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Busting the myth of ‘one size fits all’ public education: At a Glance




Advocates of school choice often accuse public schools of delivering a “one size fits all” education. Give parents the ability to choose a school, so the argument goes, and competition will produce more variety, parents will find a better match for their child’s unique needs, and better results will follow. The truth is, public education is not the monolith its critics make it out to be.

Although the current dialogue about school choice is generally focused on charter schools, vouchers and the overall diversion of taxpayer monies to private entities, it misses a fundamental reality: most public school districts already offer a wide range of choices to their students. These vary from academic concentrations in specific areas such as the arts or STEM (Science Technology Engineering and Math) to different career pathways, Advanced Placement courses and more.

At the Center for Public Education, we have been examining the research and data related to school choice in hopes of informing the conversation about effective policies. Earlier this year, we revised our 2015 overview on school choice with more recent research, although it didn’t change our earlier conclusion: school choice works for some students sometimes, is worse for some students sometimes, and is usually no better or worse than traditional public schools.

In this report, we turn from looking at the impact of school choice to examining access to options within the public education system. Using data from the federal Schools and Staffing Survey, we document the prevalence of various program choices inside public schools and, where possible, compare these to private schools.

NSBA's Position on School Choice
The Center for Public Education is an initiative of the National School Boards Association (NSBA). While we seek to be as objective as possible in our work, we have one clear bias: CPE is for public education. Readers should also be aware that NSBA has official positions on school choice, as follows:

Public education choice: NSBA supports “locally elected school boards in expanding public school choices to meet the needs of students in a rapidly changing world.” This support extends to charter schools as long as the local school board “retains sole authority” to grant and revoke charters. NSBA opposes charter schools “not subject to oversight of the local school board.”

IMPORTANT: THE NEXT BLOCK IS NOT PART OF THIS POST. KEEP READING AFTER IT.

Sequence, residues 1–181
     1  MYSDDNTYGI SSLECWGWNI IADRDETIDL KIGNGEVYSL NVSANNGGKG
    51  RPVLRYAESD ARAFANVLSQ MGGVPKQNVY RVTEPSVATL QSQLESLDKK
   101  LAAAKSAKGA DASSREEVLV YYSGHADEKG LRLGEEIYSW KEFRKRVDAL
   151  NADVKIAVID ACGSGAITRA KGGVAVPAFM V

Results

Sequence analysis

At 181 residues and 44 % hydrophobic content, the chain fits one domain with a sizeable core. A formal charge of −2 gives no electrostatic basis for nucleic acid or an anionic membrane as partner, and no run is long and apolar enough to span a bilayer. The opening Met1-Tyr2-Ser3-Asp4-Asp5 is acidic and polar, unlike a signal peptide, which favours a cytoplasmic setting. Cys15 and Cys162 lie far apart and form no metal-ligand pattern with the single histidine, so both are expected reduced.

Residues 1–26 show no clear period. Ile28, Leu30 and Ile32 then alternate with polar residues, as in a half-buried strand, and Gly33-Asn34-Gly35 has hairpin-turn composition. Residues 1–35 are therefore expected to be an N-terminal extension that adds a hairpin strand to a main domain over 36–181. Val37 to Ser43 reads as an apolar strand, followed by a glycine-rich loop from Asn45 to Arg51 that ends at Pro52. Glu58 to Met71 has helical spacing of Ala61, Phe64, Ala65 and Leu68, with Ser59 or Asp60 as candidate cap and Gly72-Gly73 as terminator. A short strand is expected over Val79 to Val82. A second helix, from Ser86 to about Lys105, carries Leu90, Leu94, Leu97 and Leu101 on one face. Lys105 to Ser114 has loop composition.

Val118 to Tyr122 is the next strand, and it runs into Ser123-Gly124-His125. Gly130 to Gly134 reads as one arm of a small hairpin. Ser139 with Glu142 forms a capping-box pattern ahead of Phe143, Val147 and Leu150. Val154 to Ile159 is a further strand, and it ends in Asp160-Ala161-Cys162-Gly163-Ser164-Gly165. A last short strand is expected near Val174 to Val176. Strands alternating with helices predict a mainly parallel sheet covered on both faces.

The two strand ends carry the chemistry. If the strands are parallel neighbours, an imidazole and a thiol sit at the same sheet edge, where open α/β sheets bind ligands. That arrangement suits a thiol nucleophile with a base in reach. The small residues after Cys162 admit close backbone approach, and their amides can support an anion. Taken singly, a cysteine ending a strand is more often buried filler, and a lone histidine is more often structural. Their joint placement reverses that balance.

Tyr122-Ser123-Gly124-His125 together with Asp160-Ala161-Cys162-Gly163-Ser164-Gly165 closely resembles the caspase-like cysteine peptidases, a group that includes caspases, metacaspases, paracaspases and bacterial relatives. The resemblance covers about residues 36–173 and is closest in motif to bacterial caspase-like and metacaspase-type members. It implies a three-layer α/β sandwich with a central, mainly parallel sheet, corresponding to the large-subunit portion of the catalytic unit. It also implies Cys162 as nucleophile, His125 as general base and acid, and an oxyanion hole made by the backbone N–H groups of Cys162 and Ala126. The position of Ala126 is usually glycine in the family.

Non-public education choice: NSBA “recognizes and upholds the right of any group to establish and maintain schools so long as such schools are fully financed by their own supporters.” At the same time, NSBA believes public tax dollars should “only support public schools” and opposes “vouchers, tax credits, and tax subsidies for use at non-public K-12 schools.” NSBA further believes that “private and home schools should be subject to governmental regulation that assures a minimum standard of instruction under state law and adherence to the Constitution and laws of the United States.”

Our report is not comprehensive. Data on program choice within schools was limited. Data was also lacking for several enrichment and extracurricular programs, such as team sports and clubs. 

Nonetheless, we believe the findings we report here can contribute to the public debate about school choice by presenting a fuller picture of the many options already available in the neighborhood school and local district.

Choices between and choices within public school districts

There are many ingredients that go into a high-quality education: good teachers, effective principals, high-level curriculum and extra support for struggling students top the list. Offering students different program options is yet another strategy schools can use to make sure young people develop the knowledge and skills they will need to succeed, regardless of what their personal choices are for after high school.

Many school districts offer magnet or charter schools to students, which provide additional opportunities for parents to select the school building that they think will best suit their child’s needs.
  • 43 states and the District of Columbia have laws allowing the formation of charter schools (ECS 2016)